The News, April 21, 2006
Liberating the Muslim mind
By Dr Muzaffar Iqbal
"Without flattering the English, I can truly say that the natives of India, high and low, merchants and petty shopkeepers, educated and illiterate, when contrasted with the English in education, manners, and uprightness, are like a dirty animal is to an able and handsome man." If one were to ask an educated Muslim today about the man who wrote these words, she or he would mostly think of an outlandish English bigot. Those with a little more interest in history would probably think of men like Mustafa Kamal of Turkey (incorrectly called Ata Turk, the father of Turks) or one of his latter-day fans.
The guesswork can be cut short, however, by a further clue. The author of these words also wrote a tafsir, because in all previous tafsirs of the Noble Quran he "could find nothing but grammatical and lexicographical niceties, statements concerning the place and time of revelation and commentaries on previous tafsirs…literary matters, in short, nothing but rubbish and worthless (fazul) discussions, mostly based on baseless and unauthentic traditions and fables which were often taken from the Jewish sources". The same person claims that "then I studied books of the principles of tafsir according to my ability with the hope that they would definitely provide clues to the principles of the Quranic interpretation based on the Quran itself or which would be otherwise so sound that no one could object to them, but in them I found nothing but statements that the Quran contains knowledge of such and such nature".
Of course, by now the reader would have guessed: the person was none other than our very respected Sayyid Ahmad Khan (1817-1898), duly knighted in 1888 as the Knight Commander of the Star of India by the Queen herself. The first quoted passage can be found on page 184 of his Musafran-e London, published by Majlis-e-Taraqi-e-Adab, Lahore, in 1961; the second appears on page 199 of the second volume of his sixteen volumes Maqalat, published in 1963.
Sir Sayyid Ahmad Khan was among the forerunners of a new breed of Muslims who saw nothing worthwhile in their own tradition. He was, however, much better than those who followed him, for he had at least one foot in his tradition (though he had no appreciation for it). Those who followed him were the true children of the colonial rule which extended from one end of the Muslim world to the other at the time Sir Sayyid wrote the above-quoted words.
Of course, the colonisers of the Muslim world are not present anymore in those lands, except for the neo-colonisers who now sit trembling in the Green Zone of Baghdad, thinking: when will I be blown up? The colonial legacy, however, did not end in the post-World War II era; only its form changed. But before we can begin to understand this change, we must understand the make up of men like Sayyid Ahmad Khan. Why were they mentally enslaved by the West? When did this enslavement begin?
The fact is that Sayyid Ahmad was not even born when the true debacle took place, he only witnessed the aftermath. True, he participated in the events of May 1857 when a few thousand British soldiers were able to establish the Queen's writ over an entire subcontinent, but he was too busy saving the lives of the masters to really understand what was happening.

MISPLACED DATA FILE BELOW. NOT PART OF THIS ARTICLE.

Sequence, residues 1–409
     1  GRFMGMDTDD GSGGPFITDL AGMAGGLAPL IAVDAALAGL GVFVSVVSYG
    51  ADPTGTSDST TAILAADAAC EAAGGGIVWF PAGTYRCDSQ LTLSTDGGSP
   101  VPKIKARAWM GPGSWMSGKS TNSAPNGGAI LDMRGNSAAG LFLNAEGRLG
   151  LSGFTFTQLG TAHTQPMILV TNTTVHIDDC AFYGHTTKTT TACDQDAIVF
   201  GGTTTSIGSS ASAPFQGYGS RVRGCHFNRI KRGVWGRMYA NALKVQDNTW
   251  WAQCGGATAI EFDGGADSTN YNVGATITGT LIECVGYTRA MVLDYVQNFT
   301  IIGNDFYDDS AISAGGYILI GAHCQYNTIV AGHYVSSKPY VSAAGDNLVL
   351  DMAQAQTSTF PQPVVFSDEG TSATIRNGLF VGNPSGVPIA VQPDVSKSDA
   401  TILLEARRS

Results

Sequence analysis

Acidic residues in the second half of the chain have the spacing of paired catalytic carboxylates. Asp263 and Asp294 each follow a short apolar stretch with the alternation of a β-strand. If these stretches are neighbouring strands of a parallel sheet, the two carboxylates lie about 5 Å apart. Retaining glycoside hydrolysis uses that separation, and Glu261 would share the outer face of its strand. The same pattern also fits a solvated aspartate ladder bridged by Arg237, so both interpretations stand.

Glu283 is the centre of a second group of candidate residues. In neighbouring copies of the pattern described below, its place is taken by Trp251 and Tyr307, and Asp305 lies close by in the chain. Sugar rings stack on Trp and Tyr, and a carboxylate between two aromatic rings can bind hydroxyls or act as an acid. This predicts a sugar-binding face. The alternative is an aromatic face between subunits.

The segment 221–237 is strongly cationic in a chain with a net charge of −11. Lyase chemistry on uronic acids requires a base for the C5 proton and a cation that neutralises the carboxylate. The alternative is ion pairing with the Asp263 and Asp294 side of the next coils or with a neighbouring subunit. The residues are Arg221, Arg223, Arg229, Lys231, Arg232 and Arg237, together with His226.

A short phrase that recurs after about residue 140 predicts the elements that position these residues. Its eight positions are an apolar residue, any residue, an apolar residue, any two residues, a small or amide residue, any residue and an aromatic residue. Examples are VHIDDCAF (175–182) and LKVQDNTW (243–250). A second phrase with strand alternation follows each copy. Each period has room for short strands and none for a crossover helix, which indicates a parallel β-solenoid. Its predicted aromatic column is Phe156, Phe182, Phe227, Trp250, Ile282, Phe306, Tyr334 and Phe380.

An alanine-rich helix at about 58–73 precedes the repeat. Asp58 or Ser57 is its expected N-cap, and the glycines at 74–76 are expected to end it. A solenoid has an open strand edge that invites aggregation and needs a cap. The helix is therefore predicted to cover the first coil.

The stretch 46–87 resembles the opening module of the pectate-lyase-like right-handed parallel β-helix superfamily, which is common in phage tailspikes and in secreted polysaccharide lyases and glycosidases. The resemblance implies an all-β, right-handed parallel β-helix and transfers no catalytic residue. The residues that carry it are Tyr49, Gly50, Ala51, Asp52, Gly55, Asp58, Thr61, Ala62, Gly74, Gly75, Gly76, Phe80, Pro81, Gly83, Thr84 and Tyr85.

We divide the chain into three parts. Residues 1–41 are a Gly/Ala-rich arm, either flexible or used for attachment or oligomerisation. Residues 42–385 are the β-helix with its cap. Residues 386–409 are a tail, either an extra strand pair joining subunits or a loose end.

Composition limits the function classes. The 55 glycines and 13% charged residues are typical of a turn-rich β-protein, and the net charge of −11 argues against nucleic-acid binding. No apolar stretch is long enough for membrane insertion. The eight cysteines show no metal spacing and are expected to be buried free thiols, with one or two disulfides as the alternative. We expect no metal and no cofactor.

One wonders: how was it possible that a few thousand Englishmen could control such a vast subcontinent at a time when B-52 bombers and cruise missiles were unheard of? Without those weapons of mass destruction in the hands of the colonisers, if the natives of the subcontinent were to attempt to physically throw the overweening English into the Indian Ocean, they could have easily done so because of their huge numbers. But they did not. Why not?
The answers must be sought in the mental enslavement which precedes physical occupation. The fact is that the Indian mind had already been enslaved before 1857. An Englishman could produce terror in the hearts of Indians, Muslim, Hindu, and Sikh alike, merely by his presence. This was so because these Indians were not standing on any firm soil. In the preceding centuries, they had been uprooted from the intellectual and spiritual soil of their ancestors. It was not the swords versus guns, as is sometimes erroneously assumed, but superior minds versus feeble minds, which decided the fate of millions of men, women, and children, during the gruesome period of colonisation by Imperial European powers.
When those same minds were stirred a bit around the middle of the twentieth century by a few men and women who led the so-called movements and wars of independence throughout the third world, they forced the colonisers to depart in one fantastic spell of awakening, even though, by then the Europeans had much better arms. This awakening did not last, however, primarily because those who led them were only partially free; as soon as they found entrance to the presidential and vice-regal palaces of the departing colonisers, they quickly went back to their enslaved mode.
This is a tragedy of Himalayan proportions. Of course, the entire South suffered, but people in South America are now beginning to understand the true dimensions of this mental enslavement; the rest of the world is still in the depths of the enslavement. And the Muslim mind is utterly devoid of any idea of how it was dispossessed. When the Muslim mind attempts to understand this process, it indulges in blame games: this or that person is found as a scapegoat and the case is settled. All that the Muslim mind can do now is to find men like Sayyid Ahmad Khan, Mustafa Kamal, or one of his current followers, and proclaim with relief: he is the reason for our misfortune. But is this really so?
The writer is a freelance columnist. Email: firstname.lastname@example.org
Note: For a different perspective about the contribution of Sir Syed Ahmed Khan, click the title at the top of this section.